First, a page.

Saskatoon's most famous (OK, and only) shipwreck is finally a film.
The Last Steamship, a documentary on the sinking of the S.S. City of Medicine Hat, has its maiden screening on Friday at the Broadway Theatre.
"This seems to be a story that so many people don't know about," says director Leanne Schinkel. "You can't imagine a 130- foot steamship on our river."
But on June 8, 1908, the opulent ship made quite an impression on the newly encorporated city. High water caused the vessel to get tangled in telegraph wires under the nearby CN bridge, damaging the rudder.
It then drifted into the Traffic Bridge, crashing into one of its piers and ultimately sinking. Both the ship -- built by the colourful Scottish immigrant Capt. Horatio Hamilton Ross at a cost of $28,000 (more than half a million dollars today) -- and the bridge were practically new.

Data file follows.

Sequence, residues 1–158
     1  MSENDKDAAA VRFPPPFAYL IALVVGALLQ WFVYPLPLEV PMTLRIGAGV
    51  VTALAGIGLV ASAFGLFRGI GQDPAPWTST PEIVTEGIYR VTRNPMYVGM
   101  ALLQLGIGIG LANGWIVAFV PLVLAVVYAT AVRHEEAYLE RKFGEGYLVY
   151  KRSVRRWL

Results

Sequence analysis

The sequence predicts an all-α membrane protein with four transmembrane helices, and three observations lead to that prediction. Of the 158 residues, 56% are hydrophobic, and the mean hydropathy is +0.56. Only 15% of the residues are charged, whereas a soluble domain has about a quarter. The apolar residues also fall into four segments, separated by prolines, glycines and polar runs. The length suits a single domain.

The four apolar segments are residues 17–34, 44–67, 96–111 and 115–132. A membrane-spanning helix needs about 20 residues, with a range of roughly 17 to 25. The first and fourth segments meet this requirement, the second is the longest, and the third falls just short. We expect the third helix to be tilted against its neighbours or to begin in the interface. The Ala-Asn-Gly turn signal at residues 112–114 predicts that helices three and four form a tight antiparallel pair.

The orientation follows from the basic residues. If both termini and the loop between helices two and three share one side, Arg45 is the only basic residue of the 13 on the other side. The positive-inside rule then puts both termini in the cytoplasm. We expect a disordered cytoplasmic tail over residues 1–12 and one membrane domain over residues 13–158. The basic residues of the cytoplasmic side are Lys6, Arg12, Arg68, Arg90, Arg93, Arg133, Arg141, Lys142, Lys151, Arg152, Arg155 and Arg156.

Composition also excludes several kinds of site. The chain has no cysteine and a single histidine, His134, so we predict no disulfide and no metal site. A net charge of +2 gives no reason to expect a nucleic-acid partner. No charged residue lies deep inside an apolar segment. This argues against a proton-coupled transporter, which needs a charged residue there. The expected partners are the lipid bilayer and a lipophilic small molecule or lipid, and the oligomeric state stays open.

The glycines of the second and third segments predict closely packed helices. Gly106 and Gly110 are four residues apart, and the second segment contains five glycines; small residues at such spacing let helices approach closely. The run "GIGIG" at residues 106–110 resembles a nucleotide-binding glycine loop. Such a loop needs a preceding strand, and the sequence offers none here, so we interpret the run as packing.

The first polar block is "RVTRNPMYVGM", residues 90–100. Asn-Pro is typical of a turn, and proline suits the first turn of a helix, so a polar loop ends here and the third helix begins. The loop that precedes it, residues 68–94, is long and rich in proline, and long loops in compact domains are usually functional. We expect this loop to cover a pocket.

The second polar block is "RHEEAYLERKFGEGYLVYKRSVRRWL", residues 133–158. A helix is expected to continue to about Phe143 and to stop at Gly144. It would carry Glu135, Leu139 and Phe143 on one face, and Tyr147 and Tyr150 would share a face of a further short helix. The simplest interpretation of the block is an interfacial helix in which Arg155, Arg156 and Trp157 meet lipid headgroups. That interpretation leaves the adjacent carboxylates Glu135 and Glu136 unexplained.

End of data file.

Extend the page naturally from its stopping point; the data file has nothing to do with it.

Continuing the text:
History came back to life in 2006 when divers from Saskatoon Fire and Protective Services chanced upon the sternwheeler's anchor while on a training exercise. The spectacular find triggered an archeological dive in September of 2008. Schinkel, producer Nils Sorensen and editor Corby Evenson, all trained at the University of Regina film school, were intrigued by the story.
"It seemed like an awesome thing for us to work on," said Schinkel, who happened to be working for Shearwater Tours at the time of the dive. One of its boats, the Meewasin Queen, was used for the expedition.
"We have to shoot this. We'll figure it out later," they thought.
The project turned into a full-length doc running 80 minutes and consuming incalculable hours of their donated time. The film looks at the quest for artifacts and goes back in time with a historical recreation featuring extras in period costumes.